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O.J. Simpson friend reveals new theory about his innocence

Though tempered for about a decade, O.J. Simpson hysteria surfaced on Thursday for the live coverage of his parole hearing. More than 240 credentialed media members converged on the Lovelock Correctional Center in Nevada to capture the proceedings, which ultimately will spring the 70-year-old Simpson from prison sometime later this year.

As networks scrambled to fill several hours of coverage, O.J. experts and friends were omnipresent, offering opinions and revisiting the double murders of Nicole Simpson and Ron Goldman in 1994 that led to the unceasing O.J. phenomena.

On ABC News, anchor George Stephanopoulos interviewed Dr. Henry Johnson, a friend of Simpson who visited the armed robbery convict several times in prison. The exchange got testy at one point, when Johnson professed the innocence of Simpson in the double murder case.

Johnson: “I believe that O.J. will rise once again and people will recognize that an innocent man has been persecuted for the last 25 years.”

Stephanopoulos: “But he was found liable for the deaths [in the civil case] by a jury of 12 people, a jury of his peers.”

Johnson: “If Ron and Nicole were here, they would tell you that you got the wrong guy.”

Stephanopoulos: “You don’t know that.”

Johnson: “Yes I do. And, I’ll tell you why. (long pause)”

Stephanopoulos: “Go ahead.”

Johnson: “(deep breath) I would tell you this. Contrary to the great American delusion. Nicole spoke to her mother by phone, while O.J. signed autographs on the red-eye flight. And they hid the phone records from the jury. They were only shown fake, fraudulent phone records that supported Marcia Clark’s phony timeline. Nicole and Ron did not get killed until after midnight. You’d have to be an utter, absolute fool to assume that one guy could kill two people with a knife and nobody heard anything.”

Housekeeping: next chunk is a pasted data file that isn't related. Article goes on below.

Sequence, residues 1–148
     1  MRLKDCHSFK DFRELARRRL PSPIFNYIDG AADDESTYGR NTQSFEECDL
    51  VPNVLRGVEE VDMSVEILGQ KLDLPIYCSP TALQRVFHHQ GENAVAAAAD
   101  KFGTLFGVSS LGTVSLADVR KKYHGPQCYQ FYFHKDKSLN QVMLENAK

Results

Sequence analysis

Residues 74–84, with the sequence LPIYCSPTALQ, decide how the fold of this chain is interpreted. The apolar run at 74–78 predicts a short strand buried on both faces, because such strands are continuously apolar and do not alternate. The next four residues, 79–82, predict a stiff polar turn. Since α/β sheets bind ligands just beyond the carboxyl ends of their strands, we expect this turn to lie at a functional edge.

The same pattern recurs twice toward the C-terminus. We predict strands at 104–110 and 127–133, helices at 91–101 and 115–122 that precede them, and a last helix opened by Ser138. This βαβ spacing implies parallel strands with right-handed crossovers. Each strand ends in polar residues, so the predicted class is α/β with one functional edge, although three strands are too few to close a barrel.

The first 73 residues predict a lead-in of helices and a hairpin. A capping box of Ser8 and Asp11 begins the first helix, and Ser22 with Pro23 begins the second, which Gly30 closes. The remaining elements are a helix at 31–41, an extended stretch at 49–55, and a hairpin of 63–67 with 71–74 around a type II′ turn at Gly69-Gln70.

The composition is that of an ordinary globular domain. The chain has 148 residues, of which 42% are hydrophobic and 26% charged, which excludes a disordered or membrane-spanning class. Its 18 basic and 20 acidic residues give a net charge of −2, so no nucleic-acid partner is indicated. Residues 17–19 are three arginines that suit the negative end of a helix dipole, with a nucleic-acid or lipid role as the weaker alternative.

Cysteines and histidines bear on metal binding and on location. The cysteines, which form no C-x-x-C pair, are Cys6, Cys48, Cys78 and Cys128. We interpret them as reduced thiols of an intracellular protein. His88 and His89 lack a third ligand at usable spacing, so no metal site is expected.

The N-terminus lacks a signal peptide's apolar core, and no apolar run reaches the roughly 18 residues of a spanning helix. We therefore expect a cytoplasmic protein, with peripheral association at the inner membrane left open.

Simpson trial expert Dan Abrams was in the studio with Stephanopoulos and quickly responded: “I’m one of the fools.”

The phone record theory is nothing new to the case, but Johnson seems to have introduced a fresh take with the “after midnight” part. Estimates put the time of the murders between 9:37 and 11 p.m.

In 2000, Simpson sued GTE Corp. to have the phone records released, according to a story by the Los Angeles Times. Simpson claims that phone records would have shown that Nicole talked to her mom around 11 p.m.

From the Los Angeles Times: “If the women talked on the phone at 11 p.m., Simpson claims, he has an ironclad alibi: He was riding in a limousine to Los Angeles International Airport to catch a flight to Chicago.”

The phone company said it was complying with California laws that protect the privacy of customers.

The suit was thrown out by a judge who said it “borders on being frivolous.”

Johnson was not able to go into further detail about his theory, but it would sure seem to undermine the timeline for the alleged frame-up of Simpson at his home. Don’t forget, Kato Kaelin heard the thump on the air conditioner at 10:45 p.m. The bodies of Nicole Simpson and Goldman were found at 12:10 a.m.

Abrams had the last word about Johnson’s revelation: “The reality is that O.J. Simpson was a free man and the reality is that a civil jury still believed he was responsible for the killing of Nicole Brown and Ron Goldman. … I think it’s disrespectful to their memories to have comments like this being made, suggesting that the case was all a fraud.”